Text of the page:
Thursday, October 3, 2013

Shoulder Arthritis - Causes, Symptoms and Treatment

The shoulder is comprised of two joints, one is located at the point where the clavicle or collarbone meets the shoulder bone (acromion) and the other is the junction of the upper arm bone (humerus) and the shoulder blade (scapula). These areas are known as the AC joint and glenohumeral joint respectively.

Both joints are subject to arthritis. Your treating physician must assess where the pain is coming from and which area is affected by the arthritis in order to properly treat your condition.

Types and Causes of Shoulder Arthritis

There are three different types of arthritis that affects the shoulder. These include:

1. Osteoarthritis

Osteoarthritis is a degenerative condition that is often referred to as the 'wear and tear' arthritis. Osteoarthritis annihilates the outer covering of the bone known as articular cartilage. People over the age of 50 are generally more susceptible to this kind of arthritis.

2. Rheumatoid arthritis

Rheumatoid arthritis is an inflammatory condition that affects the joint lining, known as the synovium. This type of arthritis may affect people of all ages and typically impacts multiple joints on both sides of the body.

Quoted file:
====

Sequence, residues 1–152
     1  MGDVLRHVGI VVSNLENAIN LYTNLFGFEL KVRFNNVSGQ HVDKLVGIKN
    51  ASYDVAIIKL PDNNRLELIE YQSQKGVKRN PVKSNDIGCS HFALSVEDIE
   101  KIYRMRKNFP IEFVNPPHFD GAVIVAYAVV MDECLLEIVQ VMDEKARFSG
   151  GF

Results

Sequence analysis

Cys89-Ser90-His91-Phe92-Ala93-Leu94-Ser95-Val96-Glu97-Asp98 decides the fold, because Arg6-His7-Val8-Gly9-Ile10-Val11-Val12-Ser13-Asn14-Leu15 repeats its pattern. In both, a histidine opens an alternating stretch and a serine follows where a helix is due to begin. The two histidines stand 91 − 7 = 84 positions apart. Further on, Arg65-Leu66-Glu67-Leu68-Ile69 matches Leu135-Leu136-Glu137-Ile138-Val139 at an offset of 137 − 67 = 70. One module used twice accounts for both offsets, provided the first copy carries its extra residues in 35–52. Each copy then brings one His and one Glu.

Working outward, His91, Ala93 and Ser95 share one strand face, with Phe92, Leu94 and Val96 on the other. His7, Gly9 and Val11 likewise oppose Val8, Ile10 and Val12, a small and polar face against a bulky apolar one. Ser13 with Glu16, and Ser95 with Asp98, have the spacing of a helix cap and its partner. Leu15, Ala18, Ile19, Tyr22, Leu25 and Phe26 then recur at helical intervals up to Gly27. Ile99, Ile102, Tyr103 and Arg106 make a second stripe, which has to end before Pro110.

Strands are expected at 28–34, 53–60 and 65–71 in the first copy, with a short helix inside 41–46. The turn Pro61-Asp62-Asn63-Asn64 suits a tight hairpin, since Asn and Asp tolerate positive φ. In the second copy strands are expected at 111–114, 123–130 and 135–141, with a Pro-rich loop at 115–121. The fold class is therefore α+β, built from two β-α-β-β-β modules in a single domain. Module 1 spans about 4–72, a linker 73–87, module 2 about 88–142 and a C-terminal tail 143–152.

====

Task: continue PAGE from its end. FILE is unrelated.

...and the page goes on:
3. Post traumatic arthritis

As a result of injury, such as a dislocation or fracture of the shoulder, post traumatic arthritis may develop. This is also a common form of arthritis that occurs after an individual experiences a rotator cuff tear.

General Symptoms of Shoulder Arthritis

The common symptoms of shoulder arthritis include pain that progressively worsens over time. The pain can be aggravated as activity occurs and often affects individuals at night when they are resting due to the activities carried out through the day.

Limited range of motion typically occurs in all forms of arthritis due to the pain that ensues over time. As the disease progresses shoulder pain and restricted range of motion my increase.

Treatment Options for Shoulder Arthritis

Both non-surgical and surgical treatment options are available for shoulder arthritis depending on how progressive the condition is. Non-surgical treatment consists of resting the shoulder, applying moist heat, undergoing physical therapy, taking anti-inflammatories, applying ice two to three times per day and even taking dietary supplements.

When non-surgical options do not provide relief, surgery may be offered as a form of remedy. The most common surgical procedure is joint replacement, which has predominantly excellent results.

Your doctor can help you decide which treatment option is best for you and your condition. Surgical or non-surgical treatments do provide some form of relief from pain and motion restoration.

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